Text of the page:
The last work of the trilogy, 2557 (also titled Painting with History in a Room Filled with Men with Funny Names 2) features Korakrit’s twin, Korapat, as the couple make their way to Wat Rong Khun (the White Temple) in the Chiang Rai, Northern Thailand. And in addition to this trilogy, Painting with History in a room filled with men with funny names, a work produced between 2011 and 2013 is also exhibited. This video juxtaposes clips of artists at work with clips of Korakrit and his friends dressed in denim smoking in a room. For Korakrit, the denim is significant as the new mark of globalisation and western appropriation. As such this material features strongly in his work as he wears it, paints with it and burns it.
These videos were shown on huge screens within the darkened spaces of the gallery. Big comfortable cushions were provided but while I was there, many people stayed for less than five minutes before leaving. A group of students lounged on the cushions for a while but their eyes were fixed on the much tinier screens of their smartphones rather than what was playing on the big screens.
And this is unfortunately rather common when it comes to video art. The natural impulse is to interpret the works based on what we are familiar with. Hence, filmic conventions, such as narrative, plot structure and character development, are unconsciously applied to video art, mostly to dismal results. Truth be told, video art often disrupts the experience of viewing by being fragmented. As it sits uncomfortably outside the categories of documentary and movies, we are unable to make sense of it and quickly move on.
But consider video art as art which has an added dimension of time, where unlike paintings, sculptures or photographs, the image moves at a pace that is predetermined by the artist. By liberating your mind from the shackles of a narrative, the invitation is to focus on visual elements, which are often not closely studied when we watch mainstream movies or television programmes because we are too focused on the narrative. Arguably, this medium offers the artist more control in focusing audience attention on a specific image, to a specific sound, and for a specific duration. This is different from the painting, installation or sculpture where one is usually free to look anywhere for any duration. Does it mean that this “guidance” makes video art easier to understand?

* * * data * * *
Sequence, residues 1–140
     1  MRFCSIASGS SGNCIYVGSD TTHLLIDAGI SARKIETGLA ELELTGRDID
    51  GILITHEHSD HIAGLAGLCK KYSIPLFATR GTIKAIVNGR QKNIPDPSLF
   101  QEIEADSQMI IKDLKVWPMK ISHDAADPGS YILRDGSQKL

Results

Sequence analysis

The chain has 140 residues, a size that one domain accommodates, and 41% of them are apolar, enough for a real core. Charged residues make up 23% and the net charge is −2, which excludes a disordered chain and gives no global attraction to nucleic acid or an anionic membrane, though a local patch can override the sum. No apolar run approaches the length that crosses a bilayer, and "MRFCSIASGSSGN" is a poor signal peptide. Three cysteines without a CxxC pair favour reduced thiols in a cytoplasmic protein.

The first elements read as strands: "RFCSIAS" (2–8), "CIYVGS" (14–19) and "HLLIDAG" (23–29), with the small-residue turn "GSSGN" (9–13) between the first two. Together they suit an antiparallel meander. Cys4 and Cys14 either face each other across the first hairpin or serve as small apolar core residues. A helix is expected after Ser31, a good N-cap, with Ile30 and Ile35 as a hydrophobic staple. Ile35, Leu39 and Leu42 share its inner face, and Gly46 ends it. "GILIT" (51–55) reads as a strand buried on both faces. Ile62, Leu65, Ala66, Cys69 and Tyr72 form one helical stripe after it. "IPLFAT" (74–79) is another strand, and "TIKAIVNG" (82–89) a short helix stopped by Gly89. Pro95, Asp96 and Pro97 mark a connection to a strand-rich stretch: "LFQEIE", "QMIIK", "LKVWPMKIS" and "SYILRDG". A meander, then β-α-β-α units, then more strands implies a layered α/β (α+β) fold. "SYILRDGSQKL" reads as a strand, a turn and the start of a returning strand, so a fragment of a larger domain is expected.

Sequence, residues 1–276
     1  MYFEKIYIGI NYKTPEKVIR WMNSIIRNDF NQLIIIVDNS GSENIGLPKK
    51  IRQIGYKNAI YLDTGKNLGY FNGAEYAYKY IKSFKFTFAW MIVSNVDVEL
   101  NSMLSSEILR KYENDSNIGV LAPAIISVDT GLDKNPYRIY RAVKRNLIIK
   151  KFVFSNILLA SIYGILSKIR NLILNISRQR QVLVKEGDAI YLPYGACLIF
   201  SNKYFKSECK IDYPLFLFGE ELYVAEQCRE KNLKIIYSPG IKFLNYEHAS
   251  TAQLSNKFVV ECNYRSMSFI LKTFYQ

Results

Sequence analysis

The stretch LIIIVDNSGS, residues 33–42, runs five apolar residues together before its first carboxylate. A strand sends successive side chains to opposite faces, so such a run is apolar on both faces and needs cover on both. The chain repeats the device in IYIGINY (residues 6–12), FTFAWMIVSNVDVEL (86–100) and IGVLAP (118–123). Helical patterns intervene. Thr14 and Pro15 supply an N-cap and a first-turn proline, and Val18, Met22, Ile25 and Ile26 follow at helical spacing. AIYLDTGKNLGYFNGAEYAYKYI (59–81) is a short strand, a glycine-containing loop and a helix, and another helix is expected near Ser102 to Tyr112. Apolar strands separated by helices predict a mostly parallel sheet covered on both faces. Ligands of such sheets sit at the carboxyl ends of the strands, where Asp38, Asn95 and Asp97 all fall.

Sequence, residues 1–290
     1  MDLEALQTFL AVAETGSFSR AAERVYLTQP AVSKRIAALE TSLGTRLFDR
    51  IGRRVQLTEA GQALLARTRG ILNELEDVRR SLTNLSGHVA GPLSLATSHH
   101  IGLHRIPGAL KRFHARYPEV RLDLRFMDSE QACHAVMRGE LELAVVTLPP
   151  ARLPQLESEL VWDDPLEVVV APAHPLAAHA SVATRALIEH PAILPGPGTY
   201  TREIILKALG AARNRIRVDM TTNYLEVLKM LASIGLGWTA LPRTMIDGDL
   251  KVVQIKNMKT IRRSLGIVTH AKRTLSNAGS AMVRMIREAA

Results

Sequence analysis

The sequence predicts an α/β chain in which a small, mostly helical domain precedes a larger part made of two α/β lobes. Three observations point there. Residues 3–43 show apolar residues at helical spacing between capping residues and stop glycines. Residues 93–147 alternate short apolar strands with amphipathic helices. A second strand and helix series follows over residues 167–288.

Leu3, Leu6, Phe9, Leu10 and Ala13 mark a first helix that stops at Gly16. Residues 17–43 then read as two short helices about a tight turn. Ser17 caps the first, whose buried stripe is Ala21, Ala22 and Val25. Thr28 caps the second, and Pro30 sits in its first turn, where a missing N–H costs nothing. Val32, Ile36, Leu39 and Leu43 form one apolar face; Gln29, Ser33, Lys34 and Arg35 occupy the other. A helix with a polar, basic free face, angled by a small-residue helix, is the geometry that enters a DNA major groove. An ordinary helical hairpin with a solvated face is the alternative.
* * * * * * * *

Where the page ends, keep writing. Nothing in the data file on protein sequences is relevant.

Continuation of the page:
Yet at the same time, one can also say that video art is more difficult because instead of being a single painting, multiple images are presented, moving at a pace which might hinder full appreciation (unless you have the means to pause the video). Taken as a whole, one cannot deny that video art, because of its added dimensions of time, sound and moving image, offer many possibilities for artists, not just as a standalone medium but also in how it can be part of other installations or performance works.
Other Thai artists who have done video works include Araya Rasdjarmrearnsook, Sakarin Krue-on (both mentioned in the last post), Michael Shaowanasai, Navin Rawanchaikul, Kamol Phaosavasdi, Amrit Chusuwan and Apinan Poshyananda (you might know Apinan as a curator and bureaucrat but he was first trained as an artist and created a video installation titled How to Explain Art to a Bangkok Cock in 1985).